Report: Kerry Heacox, i.t. Communications
A double-edged sword would be a good analogy for diagnostic imaging in 2010. New ways to utilise imaging technologies are being developed, imaging equipment is doing more, faster than ever, and image processing software is increasingly innovative. Today's radiology exams are ‘slicing’ through the body to reveal anatomy with increasing clarity for better diagnoses and therapeutic treatment planning. Yet radiation also remains harmful -- delivering high levels of radiation dose exposure cumulatively can cause injury and death.
RSNA 2010 reflects this. Its theme -- Personalised medicine - in pursuit of excellence -- focuses on recent innovations to customise radiology studies and therapeutic radiotherapy to accommodate the individual clinical needs of a patient, and to use both well established and evolving technologies in innovative ways.
Kicking off the week-long programme of more than 4,200 scientific papers, posters and educational courses, the Sunday opening lectures focus on the ability of oncologic imaging to identify cancer and facilitate personalised cancer treatment.
RSNA President Dr Hedvig Hricak MD PhD, Chairman of the Department of Radiology at New York's Memorial Sloan-Kettering Cancer Centre, will discuss the challenges and opportunities of the rapidly emerging fields of biomedical and molecular imaging. Professor Sanjiv S Gambhir MD PhD, of Stanford School of Medicine, California, will present the esteemed Pendergrass New Horizons Lecture on strategies for the earlier detection of cancer.
This annual Chicago gathering of an estimated 50,000+ radiologists, radiology professionals, consultants, and industry vendor representatives is also emphasising the pragmatic this year. Concern about radiation dose exposure, particularly from CT scans, is a dominant topic in meeting sessions. The RSNA's new campaign, Image Wisely, which focuses on ordering CT exams only when they are needed, and optimising radiation dose protocols to the lowest diagnostically acceptable levels, will be launched. Emphasis on patient safety is paramount.
Healthcare reform, through the adoption of electronic medical records and best-practice standards from evidence-based medicine, is a dominant topic for the meeting. While many sessions have a US-based federal healthcare policy perspective, they are intent on reducing costs and optimising medical resources for any healthcare organisation in an era of global economic recession. Dr Atal Gawande, associate professor of surgery at Harvard Medical School, and MacArthur Award recipient for his books and articles, is presenting the special lecture on reform and the complexity of healthcare.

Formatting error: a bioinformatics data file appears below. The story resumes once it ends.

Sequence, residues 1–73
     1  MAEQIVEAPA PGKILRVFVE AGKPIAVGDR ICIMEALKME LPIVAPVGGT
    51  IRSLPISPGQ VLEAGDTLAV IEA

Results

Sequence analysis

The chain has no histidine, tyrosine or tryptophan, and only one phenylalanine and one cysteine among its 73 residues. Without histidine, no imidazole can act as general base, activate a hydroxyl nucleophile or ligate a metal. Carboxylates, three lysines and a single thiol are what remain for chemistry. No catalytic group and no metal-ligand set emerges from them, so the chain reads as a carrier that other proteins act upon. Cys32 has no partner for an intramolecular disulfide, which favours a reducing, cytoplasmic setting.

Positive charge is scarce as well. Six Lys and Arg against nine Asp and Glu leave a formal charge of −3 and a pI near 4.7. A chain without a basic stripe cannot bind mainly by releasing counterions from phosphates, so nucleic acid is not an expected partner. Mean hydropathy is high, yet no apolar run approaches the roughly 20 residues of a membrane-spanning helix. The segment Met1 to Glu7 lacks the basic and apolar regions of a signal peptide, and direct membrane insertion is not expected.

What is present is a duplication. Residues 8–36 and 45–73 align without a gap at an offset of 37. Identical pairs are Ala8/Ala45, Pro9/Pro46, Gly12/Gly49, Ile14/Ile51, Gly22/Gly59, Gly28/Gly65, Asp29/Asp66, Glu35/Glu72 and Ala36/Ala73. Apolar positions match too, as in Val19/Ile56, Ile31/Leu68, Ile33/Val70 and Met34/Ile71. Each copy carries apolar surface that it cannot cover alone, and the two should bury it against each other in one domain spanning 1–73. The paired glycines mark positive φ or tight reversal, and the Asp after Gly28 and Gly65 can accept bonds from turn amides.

Methods of using a wide variety of IT tools and technologies designed to better share information, to improve communication between radiologists and radiation oncologists with other clinicians, and to increase efficiency, especially with respect to reporting test results, also will dominate RSNA 2010.
From an RSNA meeting perspective PACS has lost its glamour – although not utility. Now that hospitals have millions of digital images and reports in archives, data mining research has become feasible and efficient. PACS has become pragmatic, a just beginning-to-be-tapped encyclopaedia for researchers, with the potential to add applied clinical knowledge that could only be speculated about in the era of X-ray film files. Additionally, mobile technology that can display imaging is not being ignored either. Additionally, there will be an update on the expanding library of RSNA best-practice templates for radiology reporting.
Following a longstanding ECR tradition, radiology in China and in Latin America will have special sessions: China Presents and Latin America Presents. The China sessions will address the latest applications of MRI, as well as a radiology study of SARS in China. The Latin American session will begin with an overview of radiology in this region, exploring collaborations with RSNA, the role of imaging in diseases endemic to the region, and conclude with presentations of Latin American radiologic innovations currently being developed.
Finally, in a ‘first’ for RSNA, former US President Bill Clinton will speak to registered professional attendees only, no media allowed. Is this a new trend to invite the famous and influential? Who knows! However, tickets to hear President Clinton's hour-long lecture ‘sold out’ almost as soon as they became available.
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